Overall this is a Recommended film for those who enjoyed the first and a Rental for newcomers. There’s really nothing “new” here that you didn’t see in the first film, aside from the setting and some new faces…but overall a solid outing nonetheless.
Fox definitely held onto this film longer than they do with their other films and released this in the prime spot for the holiday season. Arriving in a three-disc Blu-ray set (with disc 2 being a DVD version and disc 3 a digital copy), the Elite Blu-ray package comes adorned with a reflective foil slipcover that’s plastered with a couple stickers and such. Inside the set are your standard array of inserts and disc art that includes art from the film…as well as some monkeys.
Video arrives in the form of an AVC encoded transfer that, as one would guess from a newly released film, looks spectacular. Some of the cheesier CGI is a bit too evident here, but overall this is an outstanding looking transfer. There isn’t a disappointing frame in the entire transfer and everything, from the color levels to the detail on characters clothing and faces, simply looks spectacular. Fox is definitely one of the top studios when it comes to Blu-ray transfers and they really did a solid job with this video mix.
As for the audio? Well…same thing, really. The DTS-HD MA 5.1 mix is a powerhouse, taking every opportunity to throw sounds around the room and to pound and bounce around with plenty of bass. Whether it’s dinosaurs moving around or tiny miniature replica men bounding around, the mixture of on-screen antics with the surround mixture is really quite a sonic experience. Again this shouldn’t be any real surprise—the first film was enjoyable and I’d only seen that on DVD, so the added impact of Blu-ray just helps this kind of film to be all the more enjoyable.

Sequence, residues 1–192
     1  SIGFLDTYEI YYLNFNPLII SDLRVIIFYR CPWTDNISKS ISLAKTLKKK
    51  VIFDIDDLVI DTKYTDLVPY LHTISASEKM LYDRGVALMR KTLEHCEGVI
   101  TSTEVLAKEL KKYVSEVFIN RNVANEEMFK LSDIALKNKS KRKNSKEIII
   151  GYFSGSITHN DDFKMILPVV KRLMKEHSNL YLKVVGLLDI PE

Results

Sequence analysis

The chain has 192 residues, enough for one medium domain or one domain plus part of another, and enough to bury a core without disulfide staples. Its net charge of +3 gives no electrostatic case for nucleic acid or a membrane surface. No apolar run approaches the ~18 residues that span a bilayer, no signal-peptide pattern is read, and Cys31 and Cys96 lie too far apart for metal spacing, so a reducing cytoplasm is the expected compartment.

Extras are advertised quite sneakily here. A sticker on the cover boasts “4 hours of laughs,” but I’m pretty sure they’re counting the multiple copies of the films…which is kind of bullcrap. But aside from that misnomer (and the confusing declaration of “Over 2 Hours of Laughs!” on the back…talk about confusing advertising), there is a bit of extra goodness to check out. The full list includes:
• Gag Reel
• 12 Deleted Scenes Including Alternate Ending
• Curators of Comedy: Behind The Scenes With Ben Stiller
• Museum Scavenger Hunt Game
• Cherub Bootcamp
• Phinding Pharaoh With Hank Azaria
• Monkey Mischief Featurettes
• Historical Confessions: Famous Last Words
• Secret Doors and Scientists
• Cavemen Conversations: Survival of the Wittiest
• Museum Magic: Entering The World Of The Photograph
• Director 201 With Shawn Levy
• Gangster Levy
• Audio Commentaries With Filmmakers
• FOX Movie Channel Presents Featurettes
That’s a large list, although the amount of genuine content is limited. The majority of the pieces are games for children (or very bored people) to play with and those that aren’t are very limited in their appeal to the majority of the audience. The main saving grace are the audio commentaries, which feature an array of participants. While they’re a bit self-congratulatory in some cases, overall they’re pretty entertaining.
Overall a Recommended release. The Blu-ray release is a bit overkill with the two bonus discs that will be of little use to those who are actually buying it for the Blu-ray version, but it’s still a solid set nonetheless. Extras could be a bit more worthwhile, but honestly…what could they cover that they didn’t in the commentaries? More special features on how the CGI was done? No thanks.
Night at the Museum: Battle of the Smithsonian is now available on DVD and Blu-ray.